Cancer Is One Worry Elephants Can Feel Free to Forget
The gentle giants’ cells contain a tumor-fighting self-destruct button.
Elephants are one of nature’s biggest improbabilities—literally. Their colossal bodies somehow manage to defy the odds: Despite the fact that their cells outnumber humans’ by a factor of about 100, elephant cancer mortality is somehow only a third of ours.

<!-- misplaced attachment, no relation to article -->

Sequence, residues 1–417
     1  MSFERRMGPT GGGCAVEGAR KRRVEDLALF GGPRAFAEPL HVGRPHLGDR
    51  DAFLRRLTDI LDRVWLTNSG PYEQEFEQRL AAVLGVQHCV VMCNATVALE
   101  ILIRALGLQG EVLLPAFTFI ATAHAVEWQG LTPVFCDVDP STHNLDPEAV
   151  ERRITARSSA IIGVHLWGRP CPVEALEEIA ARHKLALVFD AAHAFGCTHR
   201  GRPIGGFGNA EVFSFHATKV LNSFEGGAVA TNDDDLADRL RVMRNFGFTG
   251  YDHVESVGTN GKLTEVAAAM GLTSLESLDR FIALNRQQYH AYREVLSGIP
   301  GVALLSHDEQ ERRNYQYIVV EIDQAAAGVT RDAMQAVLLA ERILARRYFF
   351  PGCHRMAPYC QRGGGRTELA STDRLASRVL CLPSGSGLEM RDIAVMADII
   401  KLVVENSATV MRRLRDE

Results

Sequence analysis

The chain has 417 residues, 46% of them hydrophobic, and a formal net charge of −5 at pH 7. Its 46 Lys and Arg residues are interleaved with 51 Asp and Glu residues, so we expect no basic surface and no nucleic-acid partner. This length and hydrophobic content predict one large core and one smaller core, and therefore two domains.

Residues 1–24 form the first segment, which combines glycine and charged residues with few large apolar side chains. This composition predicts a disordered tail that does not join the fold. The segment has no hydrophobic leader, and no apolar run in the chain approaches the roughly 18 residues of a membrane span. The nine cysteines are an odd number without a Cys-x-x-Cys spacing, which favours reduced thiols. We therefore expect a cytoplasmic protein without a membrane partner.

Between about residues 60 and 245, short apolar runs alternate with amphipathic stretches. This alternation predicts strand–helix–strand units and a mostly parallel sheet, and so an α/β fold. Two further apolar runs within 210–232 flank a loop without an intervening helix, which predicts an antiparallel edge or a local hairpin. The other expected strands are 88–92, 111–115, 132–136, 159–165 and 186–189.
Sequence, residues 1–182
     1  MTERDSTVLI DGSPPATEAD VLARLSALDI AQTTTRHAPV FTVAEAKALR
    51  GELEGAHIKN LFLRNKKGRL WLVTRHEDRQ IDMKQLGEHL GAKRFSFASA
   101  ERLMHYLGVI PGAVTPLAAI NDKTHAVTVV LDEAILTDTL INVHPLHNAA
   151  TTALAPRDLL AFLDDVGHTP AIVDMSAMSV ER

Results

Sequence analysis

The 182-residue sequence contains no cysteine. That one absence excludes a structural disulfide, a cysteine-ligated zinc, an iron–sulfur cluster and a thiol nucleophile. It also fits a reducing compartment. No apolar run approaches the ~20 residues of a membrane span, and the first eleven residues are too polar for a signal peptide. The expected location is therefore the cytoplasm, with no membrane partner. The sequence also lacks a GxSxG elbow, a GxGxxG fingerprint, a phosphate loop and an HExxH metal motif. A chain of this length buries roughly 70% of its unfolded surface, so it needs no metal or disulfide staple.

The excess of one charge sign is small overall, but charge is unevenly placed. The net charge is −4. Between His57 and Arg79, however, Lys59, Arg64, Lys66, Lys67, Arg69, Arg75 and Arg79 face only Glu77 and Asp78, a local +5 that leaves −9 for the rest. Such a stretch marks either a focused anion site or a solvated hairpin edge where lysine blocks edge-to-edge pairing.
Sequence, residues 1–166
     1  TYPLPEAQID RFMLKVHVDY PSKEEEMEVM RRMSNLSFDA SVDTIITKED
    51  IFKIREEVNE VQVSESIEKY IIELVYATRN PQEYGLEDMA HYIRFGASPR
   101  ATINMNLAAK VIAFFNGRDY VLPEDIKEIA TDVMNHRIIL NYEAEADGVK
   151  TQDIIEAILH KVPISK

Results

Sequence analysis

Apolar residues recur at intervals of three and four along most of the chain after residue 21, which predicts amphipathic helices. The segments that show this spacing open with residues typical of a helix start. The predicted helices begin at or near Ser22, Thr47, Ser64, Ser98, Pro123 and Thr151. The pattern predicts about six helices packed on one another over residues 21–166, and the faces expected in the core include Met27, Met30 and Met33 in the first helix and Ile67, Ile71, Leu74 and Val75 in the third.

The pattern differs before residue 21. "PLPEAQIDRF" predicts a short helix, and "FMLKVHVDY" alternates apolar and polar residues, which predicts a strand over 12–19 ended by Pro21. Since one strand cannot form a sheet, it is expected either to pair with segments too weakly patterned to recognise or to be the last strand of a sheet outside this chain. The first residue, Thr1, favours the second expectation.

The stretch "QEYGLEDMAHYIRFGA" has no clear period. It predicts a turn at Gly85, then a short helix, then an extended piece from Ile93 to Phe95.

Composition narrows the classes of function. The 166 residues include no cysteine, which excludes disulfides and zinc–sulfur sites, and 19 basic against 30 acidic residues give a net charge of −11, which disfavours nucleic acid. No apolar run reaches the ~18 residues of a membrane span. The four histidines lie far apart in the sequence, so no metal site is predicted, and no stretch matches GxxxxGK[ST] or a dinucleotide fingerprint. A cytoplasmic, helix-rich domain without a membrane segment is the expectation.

This baffling inconsistency has plagued scientists for decades. It even has a name: Peto’s paradox, a nod to the epidemiologist who first noted the phenomenon in the 1970s, studying humans and mice. But new research published today in Cell Reports shows that, to keep cancer at bay, elephants have a devious trick up their trunks—a molecular self-destruct button, reanimated from beyond the grave.